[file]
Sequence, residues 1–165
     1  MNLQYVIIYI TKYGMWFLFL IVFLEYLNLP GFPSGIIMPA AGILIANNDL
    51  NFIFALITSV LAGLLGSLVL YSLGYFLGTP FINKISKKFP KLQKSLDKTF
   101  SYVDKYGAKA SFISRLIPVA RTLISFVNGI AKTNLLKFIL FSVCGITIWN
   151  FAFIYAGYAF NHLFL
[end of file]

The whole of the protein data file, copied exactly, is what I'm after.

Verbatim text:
Sequence, residues 1–165
     1  MNLQYVIIYI TKYGMWFLFL IVFLEYLNLP GFPSGIIMPA AGILIANNDL
    51  NFIFALITSV LAGLLGSLVL YSLGYFLGTP FINKISKKFP KLQKSLDKTF
   101  SYVDKYGAKA SFISRLIPVA RTLISFVNGI AKTNLLKFIL FSVCGITIWN
   151  FAFIYAGYAF NHLFL